Eliminating Shift Might Benefit Cubs More than Other Teams

Among the many hills Rob Manfred has offered to die on since taking over as commissioner, eliminating the shift may be the tallest. Or maybe it’s the shortest, just depends on how you want to work the metaphor. While it’s been at the top of his list for a while, there seems to be enough momentum from both sides to enact a change with relative ease.

Jayson Stark examined all the rationale behind the elimination of the shift, including its potential impact on offense, in a comprehensive piece for The Athletic (subscription). And while the noted reduction in MLB offense across the board isn’t just a product of Big Shift, it does offer an even more convenient scapegoat than Cubs hitting and pitching coaches.

Consider that there were 3,000 fewer singles in 2018 than 10 years ago, or that 517 balls hit into the shift would have been hits against a standard defensive alignment. Lefty power hitters face the shift most often, especially when they don’t have a ton of speed and aren’t beating out many grounders. You can read about all that and more in Stark’s piece, but I’d like to turn away from the general stuff now to talk about how the Cubs might be impacted.

Given their analytical bent and the high intelligence of the leaders involved, it figures that they’d be able to adjust quickly. More important than the aptitude to change, however, is the attitude.

“I’m at the point now where whatever MLB wants to do, or attempt to do, on different things, I’m going to be on board,” Joe Maddon told Stark. “I did watch maybe an inning or two of the postseason, and I totally understood what they were talking about, how slow everything was. The pace was very, very slow. And now I get it. We’ve been involved with the playoffs the last three years, four years, and I was not able to watch all this. So now I saw it. Now I get it.”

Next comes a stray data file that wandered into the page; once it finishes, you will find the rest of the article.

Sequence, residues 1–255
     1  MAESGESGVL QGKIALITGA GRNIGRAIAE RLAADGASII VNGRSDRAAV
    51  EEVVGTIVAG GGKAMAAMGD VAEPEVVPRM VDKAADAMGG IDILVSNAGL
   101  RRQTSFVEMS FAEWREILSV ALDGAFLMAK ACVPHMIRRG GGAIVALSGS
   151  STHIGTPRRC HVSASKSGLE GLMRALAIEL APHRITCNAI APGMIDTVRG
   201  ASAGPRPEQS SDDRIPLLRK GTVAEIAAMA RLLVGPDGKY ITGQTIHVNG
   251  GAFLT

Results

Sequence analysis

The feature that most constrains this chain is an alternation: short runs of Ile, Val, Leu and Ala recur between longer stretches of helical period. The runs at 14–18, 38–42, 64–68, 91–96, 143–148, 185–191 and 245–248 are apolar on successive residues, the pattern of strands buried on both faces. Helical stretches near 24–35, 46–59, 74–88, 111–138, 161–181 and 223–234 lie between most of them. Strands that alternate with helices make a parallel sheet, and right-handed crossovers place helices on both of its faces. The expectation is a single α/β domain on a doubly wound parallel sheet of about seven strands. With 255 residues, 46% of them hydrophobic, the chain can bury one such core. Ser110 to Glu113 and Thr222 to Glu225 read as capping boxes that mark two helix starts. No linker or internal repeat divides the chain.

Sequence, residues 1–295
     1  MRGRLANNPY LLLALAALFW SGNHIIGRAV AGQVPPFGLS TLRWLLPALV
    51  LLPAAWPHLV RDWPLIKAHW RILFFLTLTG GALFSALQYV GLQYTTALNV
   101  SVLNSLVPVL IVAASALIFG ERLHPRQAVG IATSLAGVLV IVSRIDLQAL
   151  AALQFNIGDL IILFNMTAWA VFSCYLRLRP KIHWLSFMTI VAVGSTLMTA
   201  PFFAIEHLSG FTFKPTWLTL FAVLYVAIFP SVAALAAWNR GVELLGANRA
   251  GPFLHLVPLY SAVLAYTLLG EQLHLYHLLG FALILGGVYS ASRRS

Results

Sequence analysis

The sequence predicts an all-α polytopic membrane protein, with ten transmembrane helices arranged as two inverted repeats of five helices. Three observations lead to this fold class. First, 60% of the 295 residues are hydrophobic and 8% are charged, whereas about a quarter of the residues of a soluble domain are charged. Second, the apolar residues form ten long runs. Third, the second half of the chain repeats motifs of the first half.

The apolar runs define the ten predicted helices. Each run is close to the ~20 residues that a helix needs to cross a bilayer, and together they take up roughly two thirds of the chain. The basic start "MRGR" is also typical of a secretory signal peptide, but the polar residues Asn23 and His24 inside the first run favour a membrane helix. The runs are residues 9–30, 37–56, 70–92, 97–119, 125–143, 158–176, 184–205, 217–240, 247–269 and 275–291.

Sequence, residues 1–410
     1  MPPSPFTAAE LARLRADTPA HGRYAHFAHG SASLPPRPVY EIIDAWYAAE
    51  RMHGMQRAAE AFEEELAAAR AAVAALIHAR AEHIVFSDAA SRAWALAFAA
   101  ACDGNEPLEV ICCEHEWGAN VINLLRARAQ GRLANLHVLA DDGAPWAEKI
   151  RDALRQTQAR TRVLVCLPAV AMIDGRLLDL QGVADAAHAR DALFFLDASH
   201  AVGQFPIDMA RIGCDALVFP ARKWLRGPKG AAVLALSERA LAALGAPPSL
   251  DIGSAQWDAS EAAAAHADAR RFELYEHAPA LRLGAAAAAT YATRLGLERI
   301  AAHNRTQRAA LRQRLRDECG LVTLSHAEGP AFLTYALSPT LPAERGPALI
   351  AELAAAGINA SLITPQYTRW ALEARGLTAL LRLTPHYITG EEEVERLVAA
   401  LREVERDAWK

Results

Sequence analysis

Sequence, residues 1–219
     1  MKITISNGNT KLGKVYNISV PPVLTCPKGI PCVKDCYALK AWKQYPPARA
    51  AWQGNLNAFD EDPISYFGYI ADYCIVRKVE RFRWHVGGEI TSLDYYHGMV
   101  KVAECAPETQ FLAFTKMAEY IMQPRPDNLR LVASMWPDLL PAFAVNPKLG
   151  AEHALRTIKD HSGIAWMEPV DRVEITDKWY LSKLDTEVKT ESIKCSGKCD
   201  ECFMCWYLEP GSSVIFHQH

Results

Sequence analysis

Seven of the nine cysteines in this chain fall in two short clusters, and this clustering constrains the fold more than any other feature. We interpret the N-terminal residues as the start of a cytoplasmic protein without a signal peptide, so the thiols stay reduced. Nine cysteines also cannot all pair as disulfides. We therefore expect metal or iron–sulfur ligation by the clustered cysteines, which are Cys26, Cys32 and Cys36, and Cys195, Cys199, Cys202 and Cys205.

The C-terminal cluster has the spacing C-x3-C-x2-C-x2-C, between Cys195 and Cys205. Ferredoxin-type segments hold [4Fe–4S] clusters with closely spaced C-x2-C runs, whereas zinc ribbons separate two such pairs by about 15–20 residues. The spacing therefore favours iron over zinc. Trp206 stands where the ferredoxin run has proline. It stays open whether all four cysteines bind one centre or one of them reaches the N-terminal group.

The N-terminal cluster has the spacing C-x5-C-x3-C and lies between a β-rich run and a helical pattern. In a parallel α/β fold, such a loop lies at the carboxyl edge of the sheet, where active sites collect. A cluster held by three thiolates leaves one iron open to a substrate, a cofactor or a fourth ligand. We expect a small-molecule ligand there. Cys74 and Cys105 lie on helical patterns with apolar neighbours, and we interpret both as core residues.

Of course, it helps that the Cubs employed the shift on only 5.1 percent of plate appearances against them in 2018, less often than all but two teams (Cardinals – 4.4, Angels – 3.4). That’s less than one-third of the league average (17.4), similar to the disparity between their shifts against lefties (10.1) and league average there (29.6). All of which is to say the Cubs would not need to make significant strategic changes.

The Brewers, on the other hand, used the shift an NL-high 23 percent of the time and could have a tougher time adjusting. The numbers aren’t nearly as high for the Pirates (14.2) or Reds (9.5) and we’ve already established how little the Cards shift, so changing the rules might not result in any dramatic advantages for the Cubs from a defensive perspective.

The other side of that coin, however, is that Cubs hitters might face significantly less impediment when it comes to BABIP. Remember that whole thing about lefty hitters who aren’t really too fleet of foot? Well the Cubs just so happen to have a pair of them occupying key roles in the lineup. Kyle Schwarber faced a shift on 64.6 percent of his plate appearances, Anthony Rizzo on 62.3 percent of his. League-average against lefties last year: 29.6 percent.

Since lefties see the shift far more often than their counterparts with uglier swings, Schwarber (29) and Rizzo (31) hold the same ranks among all hitters as they do among lefties. In fact, a righty doesn’t appear on the list until Edwin Encarnacion at No. 40 with 55.3 percent. Kris Bryant is sixth among righties (67th overall) at 43.2 percent, and that’s actually way down from the 54.8 percent he was seeing through mid-May.

Hey wait, what happened around that time that might have precipitated a change in the way Bryant was pitched? The linked article above was published on May 16, just three days before an ill-fated headfirst slide jammed Bryant’s shoulder and hung a lead weight on his performance. With his bat speed diminished a bit in the immediate aftermath, Bryant had to utilize the opposite field a little more. And once he returned with a remodeled swing, it was clear that his oppo power was up. Hence, fewer shifts.